The growth of the commercial real estate sector can be attributed to its strong fundamentals.
The commercial real estate sector in India is undergoing a metamorphosis of sorts. The office market particularly, which reached its peak in 2019, was significantly impacted by Covid-19 and the ensuing lockdown. In 2020 the net absorption of office spaces witnessed around a 45% drop to 25.5 million sq. ft., while new completions stood at 36.4 million sq. ft., a fall of 27%. As a result, real estate players had to rethink their strategies as consumer demands changed. Several Covid precautions had to be retrofitted to existing properties. New properties needed to quickly adapt to meet industry standards as their resilience was at stake.
With the gradual opening of the economy post the lockdown, the country’s overall office real estate market in Q3 of 2020 grew by around 64% against the second quarter of 2020. The growth of the commercial real estate sector can be attributed to its strong fundamentals. Bengaluru and Hyderabad led in the overall absorption, with Bengaluru contributing more than 30% of the country’s total office space absorption and more than 9 million sq. ft. precommitment. Much of the absorption was driven by the industrial, manufacturing, healthcare, and e-commerce sectors. The roll-out of the vaccine is expected to provide further impetus to the sectors.
What we expect to see in the coming quarters, green shoots of which are already showing, is the shift from large, consolidated work areas to a hub and spoke model that includes home offices, flexible workspace, satellite offices, and central headquarters. While work-from-home ensured business continuity during the lockdown, employers realized the scope for accomplishing work remotely was more widespread and feasible than previously thought. IT companies, which comprise about 40 percent of office lessees in India, realized that employees, mainly from non-metro cities, faced challenges of connectivity, bandwidth, and the physical impossibility of incorporating a work area at home over a long period. Organizations are now increasingly looking at tying up with co-working spaces or setting up serviced office spaces.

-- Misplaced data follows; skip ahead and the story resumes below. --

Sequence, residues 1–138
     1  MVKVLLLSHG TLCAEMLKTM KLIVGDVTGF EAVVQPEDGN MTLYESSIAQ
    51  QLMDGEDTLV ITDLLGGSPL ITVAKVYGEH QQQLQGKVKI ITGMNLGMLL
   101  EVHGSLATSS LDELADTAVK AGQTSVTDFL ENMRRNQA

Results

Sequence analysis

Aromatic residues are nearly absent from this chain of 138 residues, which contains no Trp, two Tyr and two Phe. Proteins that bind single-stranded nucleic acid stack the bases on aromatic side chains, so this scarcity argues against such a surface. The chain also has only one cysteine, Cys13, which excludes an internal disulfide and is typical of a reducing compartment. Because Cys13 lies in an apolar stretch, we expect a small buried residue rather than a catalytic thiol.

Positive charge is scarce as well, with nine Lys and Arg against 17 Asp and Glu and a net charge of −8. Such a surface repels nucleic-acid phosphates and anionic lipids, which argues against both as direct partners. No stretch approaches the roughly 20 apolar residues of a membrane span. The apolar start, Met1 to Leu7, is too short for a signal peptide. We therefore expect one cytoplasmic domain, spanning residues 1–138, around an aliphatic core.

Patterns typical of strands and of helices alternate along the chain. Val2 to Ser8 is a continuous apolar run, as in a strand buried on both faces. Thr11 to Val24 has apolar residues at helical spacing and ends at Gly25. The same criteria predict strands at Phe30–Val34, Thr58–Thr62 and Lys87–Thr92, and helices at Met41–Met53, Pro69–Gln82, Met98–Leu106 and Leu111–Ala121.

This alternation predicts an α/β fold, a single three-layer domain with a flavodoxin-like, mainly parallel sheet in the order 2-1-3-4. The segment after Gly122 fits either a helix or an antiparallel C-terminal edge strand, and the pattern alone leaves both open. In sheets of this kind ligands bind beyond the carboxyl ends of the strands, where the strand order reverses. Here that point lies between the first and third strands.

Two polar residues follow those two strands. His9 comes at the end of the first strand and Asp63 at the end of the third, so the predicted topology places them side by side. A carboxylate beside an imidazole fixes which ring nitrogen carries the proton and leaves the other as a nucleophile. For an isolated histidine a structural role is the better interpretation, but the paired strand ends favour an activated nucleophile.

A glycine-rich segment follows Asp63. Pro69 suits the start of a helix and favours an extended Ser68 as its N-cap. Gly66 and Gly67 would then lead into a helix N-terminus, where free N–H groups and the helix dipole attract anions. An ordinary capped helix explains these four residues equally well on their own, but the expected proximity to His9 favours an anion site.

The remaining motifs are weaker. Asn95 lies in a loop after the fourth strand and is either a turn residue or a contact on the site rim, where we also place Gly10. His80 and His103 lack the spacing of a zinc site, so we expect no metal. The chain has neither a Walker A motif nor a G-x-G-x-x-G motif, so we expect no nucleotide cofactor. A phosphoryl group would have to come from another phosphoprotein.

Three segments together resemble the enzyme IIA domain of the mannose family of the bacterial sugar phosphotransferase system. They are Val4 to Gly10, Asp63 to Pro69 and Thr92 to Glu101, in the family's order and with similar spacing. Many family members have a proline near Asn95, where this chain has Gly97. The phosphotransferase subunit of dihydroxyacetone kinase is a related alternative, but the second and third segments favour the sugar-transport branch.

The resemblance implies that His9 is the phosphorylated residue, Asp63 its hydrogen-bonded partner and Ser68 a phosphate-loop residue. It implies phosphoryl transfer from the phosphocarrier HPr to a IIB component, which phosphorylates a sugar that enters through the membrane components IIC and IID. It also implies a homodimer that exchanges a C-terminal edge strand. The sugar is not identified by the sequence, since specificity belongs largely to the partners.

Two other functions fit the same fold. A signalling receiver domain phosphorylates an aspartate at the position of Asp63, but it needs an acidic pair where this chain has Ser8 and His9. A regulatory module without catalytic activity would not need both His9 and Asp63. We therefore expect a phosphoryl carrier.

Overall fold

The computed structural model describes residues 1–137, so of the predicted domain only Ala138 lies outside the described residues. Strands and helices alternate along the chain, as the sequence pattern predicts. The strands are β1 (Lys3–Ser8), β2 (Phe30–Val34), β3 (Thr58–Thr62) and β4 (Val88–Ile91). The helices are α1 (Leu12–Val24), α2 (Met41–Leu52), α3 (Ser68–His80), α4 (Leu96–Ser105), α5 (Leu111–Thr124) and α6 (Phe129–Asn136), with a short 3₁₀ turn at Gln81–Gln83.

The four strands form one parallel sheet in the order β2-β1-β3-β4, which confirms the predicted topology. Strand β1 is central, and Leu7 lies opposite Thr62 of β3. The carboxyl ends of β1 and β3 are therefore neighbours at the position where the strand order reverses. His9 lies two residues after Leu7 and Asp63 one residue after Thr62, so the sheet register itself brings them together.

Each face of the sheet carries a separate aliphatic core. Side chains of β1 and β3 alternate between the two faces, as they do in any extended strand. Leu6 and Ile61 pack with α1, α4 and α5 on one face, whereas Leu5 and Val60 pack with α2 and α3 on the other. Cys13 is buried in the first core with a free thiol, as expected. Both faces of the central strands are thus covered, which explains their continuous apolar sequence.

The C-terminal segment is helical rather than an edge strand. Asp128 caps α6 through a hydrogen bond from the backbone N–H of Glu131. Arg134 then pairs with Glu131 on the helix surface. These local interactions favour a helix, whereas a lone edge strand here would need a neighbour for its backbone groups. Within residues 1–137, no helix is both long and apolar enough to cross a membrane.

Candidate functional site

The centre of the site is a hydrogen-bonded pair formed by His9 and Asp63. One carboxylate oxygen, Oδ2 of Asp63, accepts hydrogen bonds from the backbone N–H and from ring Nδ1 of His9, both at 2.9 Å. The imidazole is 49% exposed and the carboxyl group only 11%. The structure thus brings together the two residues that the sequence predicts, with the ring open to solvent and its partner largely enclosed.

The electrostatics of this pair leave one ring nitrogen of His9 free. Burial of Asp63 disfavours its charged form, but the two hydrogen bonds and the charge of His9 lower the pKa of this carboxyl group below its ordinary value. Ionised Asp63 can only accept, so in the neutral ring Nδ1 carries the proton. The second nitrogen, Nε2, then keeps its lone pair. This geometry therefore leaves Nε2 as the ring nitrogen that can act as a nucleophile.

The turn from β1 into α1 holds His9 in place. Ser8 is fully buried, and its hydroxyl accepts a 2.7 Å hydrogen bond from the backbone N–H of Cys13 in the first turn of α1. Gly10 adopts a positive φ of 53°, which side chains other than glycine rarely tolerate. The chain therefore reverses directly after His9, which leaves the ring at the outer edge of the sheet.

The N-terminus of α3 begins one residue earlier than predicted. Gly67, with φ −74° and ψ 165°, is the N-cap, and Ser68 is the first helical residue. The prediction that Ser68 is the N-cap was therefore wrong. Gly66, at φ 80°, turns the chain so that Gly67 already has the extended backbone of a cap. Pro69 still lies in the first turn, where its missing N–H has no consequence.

During this phase, we also noticed that a large portion of the employees who had moved to Tier 1 cities for employment moved back to Tier 2 and 3 locations to work-from-home. This reverse migration revealed that employees would prefer to work from Tier 2 or 3 cities if given an opportunity. Remote working also allowed organizations to tap talent from a larger pool, for example, women who had taken maternity breaks, individuals who had to take care of the elderly at home, etc. This only leads to an increase in job satisfaction and lower attrition, thereby increasing productivity. This trend will provide opportunities for prominent real estate players to expand their operations in non-metro cities.
Prominent players with experience in running high-end Grade A office spaces for information technology companies and other services companies will have the edge over other players, considering IT companies require precise building specifications such as secured high-speed data connection, plug-and-play features, etc. This will also drive the growth of co-working spaces in non-metro cities. Currently, many of the co-working spaces are focused on high-end markets, but with consumers moving back to their hometowns and small businesses trying to minimize expenses, co-working spaces have emerged as the obvious choice. As co-working spaces enter different geographical locations, developers are likely to change the price of their products and services offered to remain competitive.
Additionally, the establishment of satellite offices in non-metro cities will also drive institutional investments in data centers in these locations. These centers must provide highly robust data infrastructure, including uninterrupted and secured high-speed connections in these locations. For a market that is expected to outperform itself in the next five to six years and provide an investment opportunity of more than $5 billion by 2025, data centers in non-metro cities will play a fundamental role in its growth.
This expected growth can be credited indirectly to the pandemic, which forced businesses to change strategies and explore various new models. As change is constant, it is necessary for a company, especially in this current context, to be agile in order to script its success.
(By Subrata K C Sharma, COO – Commercial, Brigade Enterprises Ltd)